Mathematical Problems in Engineering

Volume 2015, Article ID 627269, 9 pages

http://dx.doi.org/10.1155/2015/627269

## Periodic Wave Solutions and Their Limit Forms of the Modified Novikov Equation

^{1}Department of Physics, Honghe University, Mengzi, Yunnan 661100, China^{2}College of Mathematics, Honghe University, Mengzi, Yunnan 661100, China

Received 16 December 2014; Accepted 1 April 2015

Academic Editor: K. M. Liew

Copyright © 2015 Qing Meng and Bin He. This is an open access article distributed under the Creative Commons Attribution License, which permits unrestricted use, distribution, and reproduction in any medium, provided the original work is properly cited.

#### Abstract

The modified Novikov equation is studied by using the bifurcation theory of dynamical system and the method of phase portraits analysis. The existences, dynamic properties, and limit forms of periodic wave solutions for being a negative even are investigated. All possible exact parametric representations of the different kinds of nonlinear waves also are presented.

#### 1. Introduction

The Novikov equationwas discovered by Novikov in a symmetry classification of nonlocal PDEs with quadratic or cubic nonlinearity [1]. The perturbative symmetry approach yields necessary conditions for a PDE to admit infinitely many symmetries. Using this approach, Novikov was able to isolate (1) and find its first few symmetries, and he subsequently found a scalar Lax pair for it (also see [2]) and then proved that the equation is integrable. Hone and Wang [3] have shown that (1) admits peakon solutions like the CH and the DP equations. Jiang and Ni [4] have shown that (1) possesses the blow-up phenomenon. The existence and uniqueness of global weak solutions for (1) were studied in [5]. Bozhkov et al. [6] found the Lie point symmetries of (1) and demonstrate that it is strictly self-adjoint. Li [7] obtained exact cuspon wave solution and compactons and found that the corresponding traveling system of (1) has no one-peakon solution. The Cauchy problem of (1) was investigated in [8, 9].

The modified Novikov equation reads as where is a real parameter. Clearly, letting , (2) becomes the Novikov equation (1). Lai and Wu [10] considered the local strong and weak solutions of (2). The global solution and blow-up phenomena of (2) were investigated in [11]. The Cauchy problem of (2) was studied in [12, 13].

In this paper, we consider the existences, dynamic properties, and limit forms of periodic wave solutions of (2) for being a negative even using the bifurcation theory of dynamical system and the method of phase portraits analysis [7, 14], we also will present some new explicit exact solutions of (2).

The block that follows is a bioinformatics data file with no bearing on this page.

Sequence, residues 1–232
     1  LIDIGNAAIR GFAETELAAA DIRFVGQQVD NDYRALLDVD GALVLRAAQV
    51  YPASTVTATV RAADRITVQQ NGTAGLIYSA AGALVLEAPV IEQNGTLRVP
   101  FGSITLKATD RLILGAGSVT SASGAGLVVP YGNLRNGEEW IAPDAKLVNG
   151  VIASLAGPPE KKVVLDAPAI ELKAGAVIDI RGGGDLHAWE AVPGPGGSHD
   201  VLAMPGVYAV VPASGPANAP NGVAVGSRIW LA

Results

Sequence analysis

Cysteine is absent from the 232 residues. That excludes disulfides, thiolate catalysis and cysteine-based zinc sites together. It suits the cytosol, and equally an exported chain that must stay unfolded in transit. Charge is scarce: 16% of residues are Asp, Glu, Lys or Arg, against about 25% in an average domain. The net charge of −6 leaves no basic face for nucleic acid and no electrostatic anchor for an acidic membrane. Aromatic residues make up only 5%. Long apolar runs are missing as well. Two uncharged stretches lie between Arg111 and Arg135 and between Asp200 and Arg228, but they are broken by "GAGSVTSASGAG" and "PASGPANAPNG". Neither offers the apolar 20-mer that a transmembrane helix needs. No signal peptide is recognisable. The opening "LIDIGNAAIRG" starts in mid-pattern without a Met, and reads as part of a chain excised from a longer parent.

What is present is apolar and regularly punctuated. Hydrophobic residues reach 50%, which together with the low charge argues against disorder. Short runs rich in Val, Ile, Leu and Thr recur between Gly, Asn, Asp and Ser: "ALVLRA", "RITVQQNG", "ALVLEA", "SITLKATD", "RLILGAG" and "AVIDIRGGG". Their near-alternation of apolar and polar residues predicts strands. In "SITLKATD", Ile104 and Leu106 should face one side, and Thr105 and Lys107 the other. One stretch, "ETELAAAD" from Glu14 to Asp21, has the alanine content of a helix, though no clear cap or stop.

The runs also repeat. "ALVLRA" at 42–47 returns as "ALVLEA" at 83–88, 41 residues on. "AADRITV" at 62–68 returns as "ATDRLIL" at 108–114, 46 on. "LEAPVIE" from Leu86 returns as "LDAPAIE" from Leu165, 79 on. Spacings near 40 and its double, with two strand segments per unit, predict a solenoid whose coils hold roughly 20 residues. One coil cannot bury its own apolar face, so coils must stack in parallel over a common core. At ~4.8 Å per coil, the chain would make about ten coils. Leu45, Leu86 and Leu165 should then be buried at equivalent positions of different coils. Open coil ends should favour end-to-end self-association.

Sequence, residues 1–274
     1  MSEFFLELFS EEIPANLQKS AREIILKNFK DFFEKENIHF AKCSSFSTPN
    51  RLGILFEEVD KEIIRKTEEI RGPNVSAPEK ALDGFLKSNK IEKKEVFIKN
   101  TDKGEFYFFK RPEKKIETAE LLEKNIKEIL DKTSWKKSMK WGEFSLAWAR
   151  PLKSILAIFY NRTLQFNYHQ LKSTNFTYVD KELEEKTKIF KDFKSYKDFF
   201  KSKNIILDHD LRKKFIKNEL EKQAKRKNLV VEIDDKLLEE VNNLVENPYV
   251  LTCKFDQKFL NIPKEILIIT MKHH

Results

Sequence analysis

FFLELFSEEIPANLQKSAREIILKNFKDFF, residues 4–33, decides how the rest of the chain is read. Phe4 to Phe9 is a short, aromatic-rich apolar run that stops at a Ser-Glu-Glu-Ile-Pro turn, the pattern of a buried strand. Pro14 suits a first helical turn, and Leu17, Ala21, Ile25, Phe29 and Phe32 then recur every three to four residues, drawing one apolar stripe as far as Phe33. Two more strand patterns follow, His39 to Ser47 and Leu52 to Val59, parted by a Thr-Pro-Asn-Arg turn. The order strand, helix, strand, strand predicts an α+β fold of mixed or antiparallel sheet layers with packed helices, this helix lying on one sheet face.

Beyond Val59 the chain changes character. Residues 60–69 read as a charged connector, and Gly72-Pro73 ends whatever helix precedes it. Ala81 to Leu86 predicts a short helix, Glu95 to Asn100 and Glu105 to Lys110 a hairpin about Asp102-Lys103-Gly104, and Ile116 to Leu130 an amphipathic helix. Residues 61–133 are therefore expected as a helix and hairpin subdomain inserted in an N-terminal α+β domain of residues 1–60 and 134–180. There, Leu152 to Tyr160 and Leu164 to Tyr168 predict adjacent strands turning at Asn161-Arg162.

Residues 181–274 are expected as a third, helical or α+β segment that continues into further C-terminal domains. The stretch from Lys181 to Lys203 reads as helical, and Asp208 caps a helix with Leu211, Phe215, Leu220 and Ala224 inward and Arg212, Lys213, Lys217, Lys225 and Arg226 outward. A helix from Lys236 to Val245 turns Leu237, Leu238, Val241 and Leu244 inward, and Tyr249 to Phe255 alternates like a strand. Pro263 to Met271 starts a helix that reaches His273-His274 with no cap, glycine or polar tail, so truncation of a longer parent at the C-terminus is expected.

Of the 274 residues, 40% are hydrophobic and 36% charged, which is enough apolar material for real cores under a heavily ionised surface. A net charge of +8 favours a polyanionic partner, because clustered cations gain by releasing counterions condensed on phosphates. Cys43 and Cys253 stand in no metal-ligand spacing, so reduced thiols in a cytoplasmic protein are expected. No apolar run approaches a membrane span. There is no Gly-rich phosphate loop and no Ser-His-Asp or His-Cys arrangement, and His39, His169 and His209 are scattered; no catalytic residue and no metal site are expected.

Using transformation where is the wave speed, (2) can be rewritten as where “′” is the derivative with respect to .

Integrating (4) once, it follows that

Let , and then (5) becomes Differentiating both sides of (6) with respect to , we have It implies that where is the integral constant.

For simplicity, we only consider the special case and in this paper. For this special case, (2) becomes and (8) can be rewritten as We see from (10) that where is an integral constant. Thus, the function is a first integral of (9). The dynamics of (9) is equivalent to the system where ; otherwise system (13) becomes a linear system.

For a fixed , the level curve defined by (12) determines a set of invariant curves of system (13) which contains different branches of curves. As is varied, it defines different families of orbits of (13) with different dynamical behaviors.

The remainder of this paper is organized as follows: In Section 2, we consider bifurcation sets and phase portraits of (13). Existences and limit forms of periodic wave solutions of (9) are stated in Section 3. Some explicit exact traveling wave solutions of (9) are presented in Section 4. A short conclusion will be given in Section 5.

#### 2. Bifurcation Analysis of (13)

Obviously, the equilibrium point of system (13) is just the intersection point of the straight line and the curve defined by (see Figures 1(a)–1(h)). Clearly, system (13) does not have any equilibrium point when . There exists only one equilibrium point of (13) satisfying when , and when , when . System (13) has two equilibrium points , satisfying , , when , and when , when .